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'I'm just gonna keep donating until someone tells me to stop' | Folsom woman hits milestone blood donation of 30 gallons

Rochelle Franco started donating regularly back in 2003 after a blood drive at Folsom Lake College kicked off an awe-inspiring streak.

FOLSOM, Calif. — During the first week of November, Folsom Lake College shared a post on Facebook congratulating evaluator and degree auditor Rochelle Franco on a pretty extraordinary accomplishment, she donated 240 pints of lifesaving blood over the last 17 years.

"I reached my 30 gallon milestone on Oct. 31 of this year," Franco said in a conversation with ABC10.

Franco started donating regularly back in 2003, when she was actually recruited by Bloodsource (now Vitalant) to donate platelets after contributing to a blood drive at her work. Donors have to wait eight weeks in between donations to recuperate, and Franco says that was pretty much her donation cycle, too.

"For me, recognizing that I would be missing out on opportunities to donate blood if I only went to the work blood drives," Franco said. "So I started going to my local blood center and just started, you know, donating blood."

Donating blood was not always so simple. A healthy fear of needles and a first time experience at Sunrise Mall in Citrus Heights that "did not go well" colored her perception of blood donation poorly. But, in the last 17 years, Franco has only put a pause on regular donations once, when she was diagnosed with cancer in 2016.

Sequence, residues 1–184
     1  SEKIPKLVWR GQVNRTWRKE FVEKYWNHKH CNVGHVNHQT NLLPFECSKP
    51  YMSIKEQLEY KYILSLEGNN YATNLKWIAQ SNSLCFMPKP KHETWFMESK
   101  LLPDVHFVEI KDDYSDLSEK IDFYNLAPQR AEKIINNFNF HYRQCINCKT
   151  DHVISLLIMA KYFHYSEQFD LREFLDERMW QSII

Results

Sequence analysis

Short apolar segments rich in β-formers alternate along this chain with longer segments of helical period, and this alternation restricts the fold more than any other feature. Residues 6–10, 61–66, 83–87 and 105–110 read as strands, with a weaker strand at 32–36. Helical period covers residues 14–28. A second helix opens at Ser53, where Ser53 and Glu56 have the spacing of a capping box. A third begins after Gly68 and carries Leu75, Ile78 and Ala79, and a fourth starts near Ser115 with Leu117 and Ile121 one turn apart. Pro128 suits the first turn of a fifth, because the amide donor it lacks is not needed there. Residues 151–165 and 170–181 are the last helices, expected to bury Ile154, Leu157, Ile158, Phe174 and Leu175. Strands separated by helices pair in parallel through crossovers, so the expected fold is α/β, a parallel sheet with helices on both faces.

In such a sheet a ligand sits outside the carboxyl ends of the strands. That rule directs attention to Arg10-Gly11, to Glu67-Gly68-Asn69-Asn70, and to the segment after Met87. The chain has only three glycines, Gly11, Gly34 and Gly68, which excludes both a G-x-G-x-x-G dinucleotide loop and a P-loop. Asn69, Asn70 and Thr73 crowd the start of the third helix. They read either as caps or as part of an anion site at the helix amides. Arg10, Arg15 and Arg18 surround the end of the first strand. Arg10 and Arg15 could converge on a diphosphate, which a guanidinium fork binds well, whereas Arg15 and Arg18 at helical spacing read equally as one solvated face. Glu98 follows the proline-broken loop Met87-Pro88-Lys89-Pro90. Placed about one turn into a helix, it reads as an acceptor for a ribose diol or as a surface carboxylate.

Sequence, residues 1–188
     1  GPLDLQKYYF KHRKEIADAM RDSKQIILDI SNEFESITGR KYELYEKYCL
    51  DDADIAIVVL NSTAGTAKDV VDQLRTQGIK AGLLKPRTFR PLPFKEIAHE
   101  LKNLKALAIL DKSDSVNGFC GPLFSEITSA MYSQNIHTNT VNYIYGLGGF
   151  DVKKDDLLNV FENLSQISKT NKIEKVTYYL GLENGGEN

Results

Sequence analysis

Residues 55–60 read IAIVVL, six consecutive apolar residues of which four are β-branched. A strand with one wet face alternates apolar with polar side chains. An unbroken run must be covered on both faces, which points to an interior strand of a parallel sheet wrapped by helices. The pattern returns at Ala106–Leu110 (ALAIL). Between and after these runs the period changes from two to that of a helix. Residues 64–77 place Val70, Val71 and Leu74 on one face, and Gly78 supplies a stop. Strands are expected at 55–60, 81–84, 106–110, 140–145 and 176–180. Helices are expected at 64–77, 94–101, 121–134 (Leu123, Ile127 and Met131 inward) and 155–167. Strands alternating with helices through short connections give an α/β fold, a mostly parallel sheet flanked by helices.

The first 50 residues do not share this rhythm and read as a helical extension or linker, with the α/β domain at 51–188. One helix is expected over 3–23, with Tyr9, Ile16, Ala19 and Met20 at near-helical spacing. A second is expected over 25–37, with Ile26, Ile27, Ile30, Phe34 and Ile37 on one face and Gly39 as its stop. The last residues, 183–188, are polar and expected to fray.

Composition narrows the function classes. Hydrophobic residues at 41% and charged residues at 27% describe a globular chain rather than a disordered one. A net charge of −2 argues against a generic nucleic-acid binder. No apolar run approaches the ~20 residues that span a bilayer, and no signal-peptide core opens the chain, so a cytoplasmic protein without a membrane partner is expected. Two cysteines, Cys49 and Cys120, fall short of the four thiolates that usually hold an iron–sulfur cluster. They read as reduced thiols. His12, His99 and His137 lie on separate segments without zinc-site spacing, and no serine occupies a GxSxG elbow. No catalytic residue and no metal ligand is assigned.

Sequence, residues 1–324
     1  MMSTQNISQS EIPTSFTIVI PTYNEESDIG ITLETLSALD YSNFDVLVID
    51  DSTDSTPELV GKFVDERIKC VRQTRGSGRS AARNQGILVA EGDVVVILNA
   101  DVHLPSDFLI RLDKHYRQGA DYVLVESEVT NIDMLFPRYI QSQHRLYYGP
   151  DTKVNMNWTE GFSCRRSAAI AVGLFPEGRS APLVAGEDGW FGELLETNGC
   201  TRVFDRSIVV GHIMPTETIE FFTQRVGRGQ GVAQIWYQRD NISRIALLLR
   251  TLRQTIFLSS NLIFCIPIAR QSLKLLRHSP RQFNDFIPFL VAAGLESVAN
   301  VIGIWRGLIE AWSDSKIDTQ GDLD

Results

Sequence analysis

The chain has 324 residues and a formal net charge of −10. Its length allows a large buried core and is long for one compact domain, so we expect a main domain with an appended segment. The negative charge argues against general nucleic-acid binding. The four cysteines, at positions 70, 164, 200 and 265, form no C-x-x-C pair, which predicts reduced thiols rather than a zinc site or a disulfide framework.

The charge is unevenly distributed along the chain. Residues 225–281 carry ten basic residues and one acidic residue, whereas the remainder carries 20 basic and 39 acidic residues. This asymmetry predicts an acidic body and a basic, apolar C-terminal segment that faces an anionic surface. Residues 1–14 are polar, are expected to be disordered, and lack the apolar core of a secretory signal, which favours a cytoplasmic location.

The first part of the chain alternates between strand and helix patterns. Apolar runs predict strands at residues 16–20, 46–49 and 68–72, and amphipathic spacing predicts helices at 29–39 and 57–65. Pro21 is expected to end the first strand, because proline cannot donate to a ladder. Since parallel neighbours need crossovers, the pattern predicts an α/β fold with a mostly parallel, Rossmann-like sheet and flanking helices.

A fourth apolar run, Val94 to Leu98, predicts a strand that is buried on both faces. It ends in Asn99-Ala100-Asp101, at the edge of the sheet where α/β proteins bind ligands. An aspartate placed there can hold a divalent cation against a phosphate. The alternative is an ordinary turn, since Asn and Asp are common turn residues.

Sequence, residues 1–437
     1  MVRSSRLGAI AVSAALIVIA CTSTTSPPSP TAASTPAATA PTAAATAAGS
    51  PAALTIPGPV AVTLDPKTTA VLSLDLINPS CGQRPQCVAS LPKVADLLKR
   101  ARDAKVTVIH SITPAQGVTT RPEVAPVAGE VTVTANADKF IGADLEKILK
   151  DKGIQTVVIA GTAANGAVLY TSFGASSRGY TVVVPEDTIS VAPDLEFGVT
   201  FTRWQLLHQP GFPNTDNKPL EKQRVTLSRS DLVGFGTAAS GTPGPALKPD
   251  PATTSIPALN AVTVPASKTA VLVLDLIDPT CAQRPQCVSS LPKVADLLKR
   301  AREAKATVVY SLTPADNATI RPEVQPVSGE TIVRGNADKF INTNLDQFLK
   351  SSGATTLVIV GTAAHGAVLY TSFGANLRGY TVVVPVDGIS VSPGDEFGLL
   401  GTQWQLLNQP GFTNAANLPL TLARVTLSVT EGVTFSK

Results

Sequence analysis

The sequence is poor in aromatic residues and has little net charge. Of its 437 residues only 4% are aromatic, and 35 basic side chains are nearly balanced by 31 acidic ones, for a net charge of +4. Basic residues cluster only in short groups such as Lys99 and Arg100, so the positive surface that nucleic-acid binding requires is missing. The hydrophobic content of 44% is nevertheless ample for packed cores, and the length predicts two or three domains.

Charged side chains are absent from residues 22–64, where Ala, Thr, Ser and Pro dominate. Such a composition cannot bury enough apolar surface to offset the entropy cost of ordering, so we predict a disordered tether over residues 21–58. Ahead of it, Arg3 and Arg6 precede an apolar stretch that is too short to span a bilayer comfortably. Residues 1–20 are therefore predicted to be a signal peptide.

"I never dreamed I would be the one who would have cancer, but back in 2016, I was diagnosed with cancer. Nothing that would require chemotherapy, but I think to me that's why this 30 gallon milestone was so important because in 2016 it was like the clock was stopped. You can't donate blood again until a year after your treatment," Franco said.

Blood centers are always in need of donations, but especially now with the coronavirus pandemic making large blood drive impossible. Blood components are still needed for many people, like victims of car accidents, surgery patients and cancer patients

"Cancer doesn't stop in a pandemic," Franco said.

Because of that, Franco said she's breezing pass the 30 gallon markers and heading straight for the next milestone in blood donation.

"I'm just gonna keep donating until someone tells me to stop," Franco said.